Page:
Google will begin using an experimental balloon to try and restore emergency cellular reception service to the devastated island of Puerto Rico after the Federal Communications Commission approved a license on Friday.
The tech giant aims to use it Project Loon program to restore emergency service to the island, where fewer than a fourth of the cell towers are working. FCC chief of staff Matthew Berry tweeted the news on Friday evening, two days after the commission approved a $77 million plan to restore telecommunications services to Puerto Rico and the U.S. Virgin Islands, which was also a hurricane victim.
Project Loon, a program that would bring internet and cell service to rural and remote areas across the world through polyethylene balloons, has yet to be fully developed in Google’s innovation lab. But its plan is to equip balloons with redesigned components of traditional cell towers, made lighter and powered with solar panels.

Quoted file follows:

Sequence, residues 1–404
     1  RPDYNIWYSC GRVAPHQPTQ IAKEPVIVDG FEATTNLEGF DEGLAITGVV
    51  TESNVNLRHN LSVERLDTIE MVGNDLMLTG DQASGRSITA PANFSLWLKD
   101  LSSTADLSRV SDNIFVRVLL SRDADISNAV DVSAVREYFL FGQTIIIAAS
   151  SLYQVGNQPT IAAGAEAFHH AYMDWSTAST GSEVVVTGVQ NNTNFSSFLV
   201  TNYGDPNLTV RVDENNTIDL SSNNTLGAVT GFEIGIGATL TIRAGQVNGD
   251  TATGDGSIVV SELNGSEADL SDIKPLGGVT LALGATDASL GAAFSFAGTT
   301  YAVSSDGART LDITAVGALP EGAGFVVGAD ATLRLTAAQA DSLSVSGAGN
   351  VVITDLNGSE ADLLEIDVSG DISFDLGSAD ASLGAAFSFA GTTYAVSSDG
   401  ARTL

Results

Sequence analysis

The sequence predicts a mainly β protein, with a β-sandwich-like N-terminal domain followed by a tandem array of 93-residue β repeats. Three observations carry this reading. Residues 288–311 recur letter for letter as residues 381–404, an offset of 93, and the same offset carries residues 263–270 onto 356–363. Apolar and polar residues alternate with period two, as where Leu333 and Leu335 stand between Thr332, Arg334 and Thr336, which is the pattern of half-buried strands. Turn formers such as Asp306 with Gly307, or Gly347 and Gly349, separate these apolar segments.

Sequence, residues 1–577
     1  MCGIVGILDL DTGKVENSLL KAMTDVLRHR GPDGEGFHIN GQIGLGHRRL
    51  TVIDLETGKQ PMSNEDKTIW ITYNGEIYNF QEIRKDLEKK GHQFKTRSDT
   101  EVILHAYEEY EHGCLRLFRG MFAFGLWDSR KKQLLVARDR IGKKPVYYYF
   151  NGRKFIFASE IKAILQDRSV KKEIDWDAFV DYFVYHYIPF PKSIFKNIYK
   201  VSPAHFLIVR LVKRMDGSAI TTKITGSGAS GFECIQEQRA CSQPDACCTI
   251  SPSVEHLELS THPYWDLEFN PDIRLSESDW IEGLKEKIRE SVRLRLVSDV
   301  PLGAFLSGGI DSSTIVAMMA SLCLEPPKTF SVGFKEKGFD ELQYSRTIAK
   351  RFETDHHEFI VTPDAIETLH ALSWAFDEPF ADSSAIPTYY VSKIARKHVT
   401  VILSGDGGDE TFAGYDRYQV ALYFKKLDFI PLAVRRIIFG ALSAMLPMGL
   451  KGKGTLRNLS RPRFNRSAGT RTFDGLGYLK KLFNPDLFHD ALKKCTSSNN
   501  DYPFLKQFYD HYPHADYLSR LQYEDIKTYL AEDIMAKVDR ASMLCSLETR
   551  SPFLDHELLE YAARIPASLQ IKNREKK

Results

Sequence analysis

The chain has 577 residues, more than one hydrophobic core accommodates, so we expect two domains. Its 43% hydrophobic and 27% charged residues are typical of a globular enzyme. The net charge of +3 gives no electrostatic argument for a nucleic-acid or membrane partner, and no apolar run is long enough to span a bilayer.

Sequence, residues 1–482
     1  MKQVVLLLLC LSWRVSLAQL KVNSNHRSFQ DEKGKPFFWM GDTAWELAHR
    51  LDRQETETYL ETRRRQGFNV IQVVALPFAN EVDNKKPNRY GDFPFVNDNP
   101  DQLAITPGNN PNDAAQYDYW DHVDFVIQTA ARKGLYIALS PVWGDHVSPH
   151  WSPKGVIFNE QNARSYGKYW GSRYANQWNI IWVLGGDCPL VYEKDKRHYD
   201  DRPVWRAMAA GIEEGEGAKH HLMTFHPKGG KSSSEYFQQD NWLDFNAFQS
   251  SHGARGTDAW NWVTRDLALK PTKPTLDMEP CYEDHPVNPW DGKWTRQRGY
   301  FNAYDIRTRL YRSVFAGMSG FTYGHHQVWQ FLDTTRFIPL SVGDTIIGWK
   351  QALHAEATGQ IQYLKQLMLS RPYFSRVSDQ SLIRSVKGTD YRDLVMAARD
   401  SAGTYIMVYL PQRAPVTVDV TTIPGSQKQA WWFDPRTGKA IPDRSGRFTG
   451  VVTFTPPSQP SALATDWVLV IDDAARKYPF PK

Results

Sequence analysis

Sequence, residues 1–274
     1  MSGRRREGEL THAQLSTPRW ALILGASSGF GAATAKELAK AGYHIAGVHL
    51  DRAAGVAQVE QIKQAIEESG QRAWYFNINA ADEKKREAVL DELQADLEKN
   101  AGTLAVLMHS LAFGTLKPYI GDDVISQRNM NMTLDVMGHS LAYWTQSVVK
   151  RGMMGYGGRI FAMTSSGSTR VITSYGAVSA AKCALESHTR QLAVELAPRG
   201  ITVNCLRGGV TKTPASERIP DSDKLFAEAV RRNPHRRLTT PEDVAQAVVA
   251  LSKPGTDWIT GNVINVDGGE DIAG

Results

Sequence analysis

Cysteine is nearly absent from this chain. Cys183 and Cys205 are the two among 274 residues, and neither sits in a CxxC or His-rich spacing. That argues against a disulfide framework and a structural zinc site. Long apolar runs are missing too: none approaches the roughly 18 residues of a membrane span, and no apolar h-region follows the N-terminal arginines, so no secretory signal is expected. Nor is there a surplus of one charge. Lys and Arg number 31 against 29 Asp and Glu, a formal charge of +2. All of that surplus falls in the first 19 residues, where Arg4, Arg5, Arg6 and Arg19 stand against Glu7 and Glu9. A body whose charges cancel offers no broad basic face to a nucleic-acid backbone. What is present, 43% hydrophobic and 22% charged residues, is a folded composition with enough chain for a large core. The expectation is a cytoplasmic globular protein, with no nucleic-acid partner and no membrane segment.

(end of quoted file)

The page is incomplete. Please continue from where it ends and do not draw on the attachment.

A spokesperson with X, Google’s innovation lab responsible for the project, told Mashable it was unclear if the balloons would be as successful in responding to the aftermath of Hurricane Maria as it had been when extreme flooding hit Peru in May.
“We were able to connect people in Peru quickly because we were already working closely with Telefonica on some testing; in this case, things are a little more complicated because we’re starting from scratch,” the spokesperson said in a statement.
As a result of Hurricane Maria, 90 percent of Puerto Rico is still without power, making communication nearly impossible. A week after Maria made landfall, residents in the United States reported being completely unable to get in contact with their families on the island.
Tesla CEO Elon Musk has also expressed interest in helping to restore Puerto Rico’s power by using the company’s solar infrastructure technology.
Here are some ways people can help to aid the 3.4 million Americans that call Puerto Rico home.